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Cavemen, Mobsters and Nazi Zombies

Cavemen, Mobsters and Nazi Zombies  (photo)

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This week in theaters sees more history coming to life while the oceans around us die. Woody Allen fans can start counting backwards from 364 again, while Sandra Bullock makes Ryan Reynolds suffer, which, after “X-Men Origins: Wolverine,” has got to be a cause worth supporting.

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Thanks to the mainstream explosion of snarky adult-oriented animation, grown-ups no longer need to dream up creative excuses to spend all day in front of cartoons, which is nice. This latest dose of claymation cleverness comes courtesy of Israeli director Tatia Rosenthal, working from “Jellyfish” writer/director Etgar Keret’s book of short stories. Anthony LaPaglia voices Jim, a single dad in urban Australia who, along with his family and neighbors, embarks on a series of surreal adventures after his son Dave (Samuel Johnson) blows the titular sum on a book promising to bestow upon him the answer to all of life’s mysteries.
Opens in limited release.

“Daytime Drinking”
While the premise of twentysomethings throwing themselves in front of life’s sucker punches as an excuse to get royally trashed is a subgenre in its own right in the West, first-time filmmaker Noh Young-Seok anchors his parable around the cultural consumption of the native beverage soju, a move that marks it as unmistakably Korean. After a night of commiserate drinking over a break-up leaves him marooned in a neighboring province, the bleary-eyed Hyuk-Jin is subjected to a string of darkly comic episodes with the overly helpful townsfolk that undermine his efforts to leave town. In Korean with subtitles.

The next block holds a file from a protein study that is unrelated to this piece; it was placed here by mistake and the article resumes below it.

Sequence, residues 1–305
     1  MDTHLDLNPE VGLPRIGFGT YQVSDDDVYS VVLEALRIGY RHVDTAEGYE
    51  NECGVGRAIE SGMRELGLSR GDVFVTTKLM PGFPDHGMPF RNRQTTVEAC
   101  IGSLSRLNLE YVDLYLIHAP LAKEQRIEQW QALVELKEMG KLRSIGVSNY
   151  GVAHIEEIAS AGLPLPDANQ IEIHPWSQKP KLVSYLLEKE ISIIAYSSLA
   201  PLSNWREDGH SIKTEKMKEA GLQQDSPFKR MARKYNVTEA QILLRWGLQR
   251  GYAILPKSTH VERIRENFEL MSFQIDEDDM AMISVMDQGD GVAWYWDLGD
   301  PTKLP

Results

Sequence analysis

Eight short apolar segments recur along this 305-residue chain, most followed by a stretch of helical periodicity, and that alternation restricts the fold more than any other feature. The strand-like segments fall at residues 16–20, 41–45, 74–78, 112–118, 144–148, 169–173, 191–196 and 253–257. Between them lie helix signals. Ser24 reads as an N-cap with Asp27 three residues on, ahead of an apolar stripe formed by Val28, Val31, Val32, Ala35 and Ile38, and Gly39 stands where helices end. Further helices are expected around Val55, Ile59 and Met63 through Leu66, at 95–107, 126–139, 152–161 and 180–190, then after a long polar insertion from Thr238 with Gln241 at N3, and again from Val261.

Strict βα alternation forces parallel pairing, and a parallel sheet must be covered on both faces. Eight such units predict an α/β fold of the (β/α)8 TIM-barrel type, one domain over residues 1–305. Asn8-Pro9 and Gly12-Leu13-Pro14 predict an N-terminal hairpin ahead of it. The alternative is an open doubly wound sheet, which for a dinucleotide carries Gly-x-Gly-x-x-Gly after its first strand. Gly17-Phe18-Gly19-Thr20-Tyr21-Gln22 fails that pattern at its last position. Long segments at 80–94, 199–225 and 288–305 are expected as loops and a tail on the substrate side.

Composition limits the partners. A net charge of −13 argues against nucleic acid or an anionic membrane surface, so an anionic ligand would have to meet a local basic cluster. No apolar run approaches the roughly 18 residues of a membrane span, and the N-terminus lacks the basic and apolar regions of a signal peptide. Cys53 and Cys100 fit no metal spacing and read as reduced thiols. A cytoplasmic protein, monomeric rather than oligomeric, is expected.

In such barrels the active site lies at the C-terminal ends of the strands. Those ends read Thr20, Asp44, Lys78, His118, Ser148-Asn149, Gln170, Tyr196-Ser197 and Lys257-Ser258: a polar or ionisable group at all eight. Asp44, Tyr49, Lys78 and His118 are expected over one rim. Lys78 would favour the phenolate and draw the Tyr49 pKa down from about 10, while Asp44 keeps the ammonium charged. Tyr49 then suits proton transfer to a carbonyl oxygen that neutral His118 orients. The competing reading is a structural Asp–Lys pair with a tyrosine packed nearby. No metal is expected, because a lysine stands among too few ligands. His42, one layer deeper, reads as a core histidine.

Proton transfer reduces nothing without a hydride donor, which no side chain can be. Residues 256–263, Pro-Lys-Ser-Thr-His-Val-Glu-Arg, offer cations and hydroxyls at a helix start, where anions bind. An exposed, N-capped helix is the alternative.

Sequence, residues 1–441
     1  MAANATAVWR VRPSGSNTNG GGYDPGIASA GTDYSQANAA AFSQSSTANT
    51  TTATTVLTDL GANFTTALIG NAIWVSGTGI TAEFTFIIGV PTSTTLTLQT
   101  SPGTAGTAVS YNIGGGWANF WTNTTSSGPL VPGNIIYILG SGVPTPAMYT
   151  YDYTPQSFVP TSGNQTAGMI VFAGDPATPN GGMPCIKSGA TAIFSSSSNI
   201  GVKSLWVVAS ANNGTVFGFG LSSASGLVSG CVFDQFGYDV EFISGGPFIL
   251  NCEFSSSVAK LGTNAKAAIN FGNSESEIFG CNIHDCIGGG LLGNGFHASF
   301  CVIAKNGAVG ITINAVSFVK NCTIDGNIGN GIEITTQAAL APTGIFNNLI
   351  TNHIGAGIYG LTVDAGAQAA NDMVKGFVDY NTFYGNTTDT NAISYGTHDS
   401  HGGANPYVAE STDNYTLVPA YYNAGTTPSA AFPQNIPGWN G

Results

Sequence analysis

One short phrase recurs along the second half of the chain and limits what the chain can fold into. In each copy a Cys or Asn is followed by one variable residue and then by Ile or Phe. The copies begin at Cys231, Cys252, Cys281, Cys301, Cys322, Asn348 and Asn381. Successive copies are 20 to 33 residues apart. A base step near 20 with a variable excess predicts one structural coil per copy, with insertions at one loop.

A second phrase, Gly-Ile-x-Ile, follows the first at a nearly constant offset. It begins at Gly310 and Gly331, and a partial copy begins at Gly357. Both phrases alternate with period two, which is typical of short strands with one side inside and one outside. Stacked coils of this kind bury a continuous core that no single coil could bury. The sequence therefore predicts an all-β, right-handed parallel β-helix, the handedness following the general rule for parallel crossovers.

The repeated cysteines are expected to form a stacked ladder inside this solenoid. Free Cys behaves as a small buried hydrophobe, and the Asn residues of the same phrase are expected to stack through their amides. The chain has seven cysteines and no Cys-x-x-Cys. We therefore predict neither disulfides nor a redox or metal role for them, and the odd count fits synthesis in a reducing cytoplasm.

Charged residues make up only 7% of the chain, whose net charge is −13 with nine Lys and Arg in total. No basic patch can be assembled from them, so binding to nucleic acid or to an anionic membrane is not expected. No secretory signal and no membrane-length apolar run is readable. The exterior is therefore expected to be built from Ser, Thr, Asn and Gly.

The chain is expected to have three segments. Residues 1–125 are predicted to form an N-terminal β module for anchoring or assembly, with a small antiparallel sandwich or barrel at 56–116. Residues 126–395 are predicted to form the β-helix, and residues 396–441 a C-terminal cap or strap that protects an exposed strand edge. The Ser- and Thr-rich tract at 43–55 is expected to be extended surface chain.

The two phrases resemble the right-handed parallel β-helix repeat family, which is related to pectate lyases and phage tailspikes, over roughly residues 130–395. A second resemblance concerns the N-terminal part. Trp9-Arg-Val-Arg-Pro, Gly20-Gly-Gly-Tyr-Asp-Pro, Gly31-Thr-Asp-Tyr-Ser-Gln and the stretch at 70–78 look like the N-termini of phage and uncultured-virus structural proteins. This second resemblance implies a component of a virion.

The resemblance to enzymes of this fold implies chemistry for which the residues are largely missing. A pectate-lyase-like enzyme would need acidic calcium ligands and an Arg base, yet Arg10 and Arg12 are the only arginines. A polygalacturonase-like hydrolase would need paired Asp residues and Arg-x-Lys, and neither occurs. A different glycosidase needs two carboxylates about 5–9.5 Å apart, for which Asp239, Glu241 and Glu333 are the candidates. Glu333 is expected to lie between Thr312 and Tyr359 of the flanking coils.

Opens in Los Angeles.

“Dead Snow”
Good horror is hard. Good comedy is even harder. That said, zombies are dead funny (get it?) and Nazis are super scary, so having married the two in deliciously tongue-in-cheek fashion, Norwegian co-writer/director Tommy Wirkola seems onto something. Marooning a group of oh-so killable young hedonists in a cabin in the woods, complete with a grizzly local legend about hidden treasure and missing soldiers, Wirkola wastes no time unleashing the gags and the gore so that the great debate as to whether this is better or worse than “Shock Waves” and “They Saved Hitler’s Brain” can eagerly begin.
Opens in limited release.

“The End of The Line”
It’s surprising this documrntary wasn’t released last week to coincide with World Ocean Day on June 8th — filmmaker Rupert Murray’s sophomore feature, based on the book by Charles Clover, serves to add one more number to the veritable roulette wheel of ways we’re likely to kill our planet. With everything from the increasingly powerful lobby of the fishing industry, corporate self-interest and the ill-informed shopper in the supermarket targeted for blame, Murray paints a chilling picture of an ecosystem in crisis that, at current levels of commercial pillage, will cease to exist inside of 50 years.
Opens in New York and Los Angeles.

“Irene In Time”
It’s a testament to the potent nature of authenticity as a creative drug that filmmaker Henry Jaglom prefers to draw and cast from his own life despite having directed actors the likes of Orson Welles and Dennis Hopper. Having undergone a muse transition in recent years from serial collaborator Victoria Foyt to protégé actress Tanna Frederick, Jaglom follows up the Frederick-starring satire “Hollywood Dreams” with an emotional family drama built on the old adage that the first man to win and break a girl’s heart is her father.
Opens in limited release.